I think it is the unknown security holes that are concerning, which is why the chorus here is to at least try to protect one’s server from 0-day Cowboy exploits by whitelisting URLs. I assume known security holes are patched as fast as they are able.

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What’s the reason do you think it is dangerous to expose directly?

I completely agree with you. I will not expose my server either. Using a filtering proxy is a good idea. Thanks a lot!

Well, I’ve read somewhere (sorry can’t remember the source…) that one of the reasons for using something in front of cowboy is the performance for TLS. Erlang can handle it but can’t match the performance of native TLS libraries.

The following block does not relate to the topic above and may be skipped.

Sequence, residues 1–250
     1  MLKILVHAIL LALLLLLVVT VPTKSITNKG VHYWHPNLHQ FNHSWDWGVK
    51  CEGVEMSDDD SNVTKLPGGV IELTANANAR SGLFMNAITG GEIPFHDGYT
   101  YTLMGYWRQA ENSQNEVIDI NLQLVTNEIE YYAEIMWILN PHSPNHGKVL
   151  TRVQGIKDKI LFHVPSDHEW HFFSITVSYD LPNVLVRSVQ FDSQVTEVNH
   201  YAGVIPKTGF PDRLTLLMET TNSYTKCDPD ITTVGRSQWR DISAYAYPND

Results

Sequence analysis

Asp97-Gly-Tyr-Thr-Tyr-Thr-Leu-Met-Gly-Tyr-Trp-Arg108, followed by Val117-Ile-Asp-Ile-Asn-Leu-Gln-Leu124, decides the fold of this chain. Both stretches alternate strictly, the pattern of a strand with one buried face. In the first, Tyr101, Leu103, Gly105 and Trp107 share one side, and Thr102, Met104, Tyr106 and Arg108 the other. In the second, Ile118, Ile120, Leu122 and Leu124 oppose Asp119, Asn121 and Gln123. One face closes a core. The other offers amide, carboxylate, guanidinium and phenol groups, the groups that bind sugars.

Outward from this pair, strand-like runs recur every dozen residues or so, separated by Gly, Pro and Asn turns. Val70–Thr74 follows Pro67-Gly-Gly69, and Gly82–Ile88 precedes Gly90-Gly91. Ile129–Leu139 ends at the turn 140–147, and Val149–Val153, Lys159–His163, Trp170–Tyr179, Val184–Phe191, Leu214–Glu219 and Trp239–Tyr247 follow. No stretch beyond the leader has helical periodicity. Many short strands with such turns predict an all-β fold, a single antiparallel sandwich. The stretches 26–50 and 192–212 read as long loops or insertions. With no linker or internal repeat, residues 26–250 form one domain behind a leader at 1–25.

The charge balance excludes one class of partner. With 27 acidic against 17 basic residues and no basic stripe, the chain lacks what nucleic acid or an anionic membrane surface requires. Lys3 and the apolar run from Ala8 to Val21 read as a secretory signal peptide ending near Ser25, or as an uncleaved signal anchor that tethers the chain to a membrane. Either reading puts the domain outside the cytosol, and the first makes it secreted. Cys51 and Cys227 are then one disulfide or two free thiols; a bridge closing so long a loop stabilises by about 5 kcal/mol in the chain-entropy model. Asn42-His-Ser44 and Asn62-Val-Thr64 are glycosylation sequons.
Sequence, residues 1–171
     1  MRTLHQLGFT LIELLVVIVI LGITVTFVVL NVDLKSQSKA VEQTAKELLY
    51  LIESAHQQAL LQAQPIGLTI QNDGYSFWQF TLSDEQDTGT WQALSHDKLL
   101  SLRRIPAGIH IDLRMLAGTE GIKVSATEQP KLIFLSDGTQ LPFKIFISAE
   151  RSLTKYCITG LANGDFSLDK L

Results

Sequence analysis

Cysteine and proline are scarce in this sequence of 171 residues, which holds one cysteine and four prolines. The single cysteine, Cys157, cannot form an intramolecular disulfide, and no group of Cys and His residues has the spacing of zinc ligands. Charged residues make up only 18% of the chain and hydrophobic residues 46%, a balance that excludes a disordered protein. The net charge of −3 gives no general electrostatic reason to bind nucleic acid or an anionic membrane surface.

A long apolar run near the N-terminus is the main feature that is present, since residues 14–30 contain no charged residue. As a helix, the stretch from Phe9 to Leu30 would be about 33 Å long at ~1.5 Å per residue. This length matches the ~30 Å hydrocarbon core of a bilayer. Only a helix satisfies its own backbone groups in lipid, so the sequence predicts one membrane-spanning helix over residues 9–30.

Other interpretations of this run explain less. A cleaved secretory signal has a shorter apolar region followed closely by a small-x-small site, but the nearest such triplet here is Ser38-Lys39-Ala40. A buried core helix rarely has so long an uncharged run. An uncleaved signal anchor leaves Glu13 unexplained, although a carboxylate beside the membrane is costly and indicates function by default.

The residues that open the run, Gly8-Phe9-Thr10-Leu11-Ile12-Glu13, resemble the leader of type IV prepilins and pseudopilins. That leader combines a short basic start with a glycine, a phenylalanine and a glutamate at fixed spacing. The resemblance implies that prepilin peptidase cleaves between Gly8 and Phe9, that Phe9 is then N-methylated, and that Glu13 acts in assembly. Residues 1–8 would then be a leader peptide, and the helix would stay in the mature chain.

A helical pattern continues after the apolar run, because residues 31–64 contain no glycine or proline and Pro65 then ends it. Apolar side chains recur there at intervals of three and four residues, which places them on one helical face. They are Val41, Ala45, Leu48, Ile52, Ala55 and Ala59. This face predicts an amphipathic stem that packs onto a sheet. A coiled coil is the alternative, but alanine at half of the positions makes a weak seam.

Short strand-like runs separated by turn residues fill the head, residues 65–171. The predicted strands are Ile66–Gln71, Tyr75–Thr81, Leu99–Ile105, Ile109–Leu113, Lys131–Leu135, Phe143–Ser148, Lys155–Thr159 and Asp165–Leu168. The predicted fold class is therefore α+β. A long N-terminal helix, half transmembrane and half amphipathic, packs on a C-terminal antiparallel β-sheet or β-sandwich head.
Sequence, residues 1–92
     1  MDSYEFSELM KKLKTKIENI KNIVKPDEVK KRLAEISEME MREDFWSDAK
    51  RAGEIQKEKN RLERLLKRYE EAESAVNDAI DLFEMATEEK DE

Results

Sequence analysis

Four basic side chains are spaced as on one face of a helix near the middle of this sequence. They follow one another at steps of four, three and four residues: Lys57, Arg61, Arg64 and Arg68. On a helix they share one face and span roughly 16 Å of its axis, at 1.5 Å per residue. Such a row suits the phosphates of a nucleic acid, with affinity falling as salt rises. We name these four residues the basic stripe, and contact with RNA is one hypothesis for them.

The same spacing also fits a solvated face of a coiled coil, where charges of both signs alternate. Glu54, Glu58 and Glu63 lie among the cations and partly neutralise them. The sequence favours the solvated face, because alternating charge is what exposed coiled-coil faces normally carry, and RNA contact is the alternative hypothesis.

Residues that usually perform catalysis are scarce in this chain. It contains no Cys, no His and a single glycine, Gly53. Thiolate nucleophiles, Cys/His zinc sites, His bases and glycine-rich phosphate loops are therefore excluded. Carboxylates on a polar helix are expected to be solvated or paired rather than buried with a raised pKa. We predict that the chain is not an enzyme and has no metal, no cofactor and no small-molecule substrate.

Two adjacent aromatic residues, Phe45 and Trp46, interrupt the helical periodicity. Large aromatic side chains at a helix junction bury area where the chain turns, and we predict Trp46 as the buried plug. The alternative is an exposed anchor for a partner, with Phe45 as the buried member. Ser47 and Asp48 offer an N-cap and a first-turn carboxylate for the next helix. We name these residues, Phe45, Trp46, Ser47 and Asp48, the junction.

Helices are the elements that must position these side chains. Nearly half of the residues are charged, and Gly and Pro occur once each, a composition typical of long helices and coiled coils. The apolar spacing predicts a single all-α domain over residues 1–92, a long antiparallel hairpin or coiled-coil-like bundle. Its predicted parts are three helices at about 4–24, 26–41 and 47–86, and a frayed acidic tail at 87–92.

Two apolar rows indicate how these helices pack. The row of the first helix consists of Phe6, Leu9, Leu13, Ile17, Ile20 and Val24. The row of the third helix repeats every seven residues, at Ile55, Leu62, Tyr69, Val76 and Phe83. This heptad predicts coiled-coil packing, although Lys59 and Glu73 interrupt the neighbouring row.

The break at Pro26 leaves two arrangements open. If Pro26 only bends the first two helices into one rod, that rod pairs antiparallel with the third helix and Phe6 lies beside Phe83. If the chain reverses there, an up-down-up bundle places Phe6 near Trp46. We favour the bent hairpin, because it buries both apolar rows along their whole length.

I agree with others here also recommending some security counter-measures like a web application firewall, garbage request denial and so on.

This got me confused and it would be of help if anyone here could answer this: if we have anything in front of cowboy, how can we setup HTTP2? I mean, it is mandatory to have a certificate, isn’t it? So, we would have 2 certificates?

Haven’t tried anything locally yet…

it is mandatory to have a certificate

Is it? https://http2.github.io/faq/#does-http2-require-encryption.

Besides, I don’t see much reason to use http/2 for anything other than static assets, and for that there are nginx, h2o, and cdns.

You may offload your public certificate on the front proxy(ies) and setup HTTP2 here.
Then use a private certificate with internal CA (freeipa for instance) between proxy(ies) and your app server(s).
That’s a possible solution, there are many others.